HIES is a rare group of primary immunodeficiency diseases which is characterized by the triad of increased IgE levels, recurrent skin abscess, and pneumonia. David et al. first described HEIS as Job’s syndrome in 1966 which involve multisystem organ, i.e., teeth, skeletal, connective tissue, skin, lungs, and immunity. Mutations in the STAT3 gene causes AD-HIES, whereas mutations and deletions in tyrosine kinase 2 and DOCK8 cause AR-HEIS.
More than 200 cases have been reported to date. Males and females are affected equally and occur in all ethnic groups. It involves the age group ranging from 0 to 60 years. The first symptom is rash at birth or early infancy, which evolves into eczematous skin lesions affecting the face, trunk, and extremities. Severe pruritus leads to excoriation, followed by lichenification. Recurrent bacterial skin abscesses and ear and sinus infections are common, with S. aureus being the most common causative organism. The patient may develop recurrent mucocutaneous candidiasis. Recurrent pyogenic pneumonia starts in childhood and is frequently caused by S. aureus, Streptococcus pneumonia, and Haemophilus species.
Skeletal and connective tissue involved in the form of the prominent forehead, high-arched palate, broad nose, cleft lip and palate (facial asymmetry), osteoporosis, frequent fractures following trauma, scoliosis, and joint hyperextensibility. Retention of primary teeth occurs due to reduced resorption.
Treatment of HIES is largely supportive which includes bleach baths, prophylactic antibiotics (for recurrent skin and ear infections), antifungal (for mucocutaneous candidiasis), oral and topical steroids, and cyclosporin (for eczematous oozy skin lesions). Bone marrow transplantation has also been tried with limited success. Despite all treatment modalities, patients had developed recurrently eczematous and secondary infection skin lesions. Omalizumab, the humanized monoclonal antibody against IgE also downregulates IgE receptors and cytokines (interleukin-2 (IL) and IL-13) and increases apoptosis of eosinophil. Elevated IgE levels in HIES do suggest the role of omalizumab in the management of HIES, however, there is no literature mentioning the guidelines. Limited case series have shown the benefit of omalizumab in HIES but no longitudinal/follow-up study regarding the dose and duration of treatment required for complete remission exists in the literature.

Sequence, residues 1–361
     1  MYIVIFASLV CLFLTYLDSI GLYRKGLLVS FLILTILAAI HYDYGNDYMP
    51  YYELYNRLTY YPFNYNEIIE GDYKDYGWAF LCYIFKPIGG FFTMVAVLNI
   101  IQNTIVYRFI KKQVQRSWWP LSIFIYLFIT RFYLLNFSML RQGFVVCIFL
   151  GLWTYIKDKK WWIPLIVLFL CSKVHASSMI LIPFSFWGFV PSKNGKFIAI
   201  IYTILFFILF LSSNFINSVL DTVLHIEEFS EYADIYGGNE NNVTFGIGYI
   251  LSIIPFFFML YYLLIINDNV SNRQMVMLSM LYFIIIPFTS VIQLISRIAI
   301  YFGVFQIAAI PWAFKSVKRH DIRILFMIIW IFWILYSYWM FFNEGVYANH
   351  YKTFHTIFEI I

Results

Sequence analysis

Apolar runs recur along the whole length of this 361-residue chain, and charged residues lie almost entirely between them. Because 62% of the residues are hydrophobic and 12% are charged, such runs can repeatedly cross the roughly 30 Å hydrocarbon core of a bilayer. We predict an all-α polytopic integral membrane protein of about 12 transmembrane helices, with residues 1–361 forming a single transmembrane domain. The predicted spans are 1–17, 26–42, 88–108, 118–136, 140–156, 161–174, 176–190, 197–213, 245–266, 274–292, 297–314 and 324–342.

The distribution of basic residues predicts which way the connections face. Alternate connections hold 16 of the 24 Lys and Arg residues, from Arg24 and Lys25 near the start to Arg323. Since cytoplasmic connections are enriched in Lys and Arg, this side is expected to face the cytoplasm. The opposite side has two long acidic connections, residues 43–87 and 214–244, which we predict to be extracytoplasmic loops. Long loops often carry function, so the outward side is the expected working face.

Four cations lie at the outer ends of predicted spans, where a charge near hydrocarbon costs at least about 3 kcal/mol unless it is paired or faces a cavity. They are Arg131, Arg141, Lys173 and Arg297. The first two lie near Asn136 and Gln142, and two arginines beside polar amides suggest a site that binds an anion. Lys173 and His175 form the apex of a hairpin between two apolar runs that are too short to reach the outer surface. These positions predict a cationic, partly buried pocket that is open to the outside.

The aim of managing cases of HIES is to control skin lesions as patients have continuous itching, which leads to trauma to the skin, so secondary infections occur with the itch-scratch cycle. Hence, it is essential to control this cycle.
In our case, there was a recurrence of skin and ear infections despite oral prednisolone and cyclosporin along with oral antibiotics and bleach baths. Our patient received 150 mg of injection omalizumab at 2-week interval. There was a direct correlation of decrease in skin oozy lesions along with IgE level ‒76 IU/ml, absolute eosinophil count ‒320 cell/mm3, and SCORAD score (40.3) following injection omalizumab. Hence, we suggest omalizumab can be an effective treatment option in eczematous skin lesions of HIES.
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The authors certify that they have obtained all appropriate consent forms, duly signed by the parent(s) of the patient. In the form the parent(s) has/have given his/her/their consent for the images and other clinical information of their child to be reported in the journal. The parents understand that the names and initials of their child will not be published and due efforts will be made to conceal their identity, but anonymity cannot be guaranteed.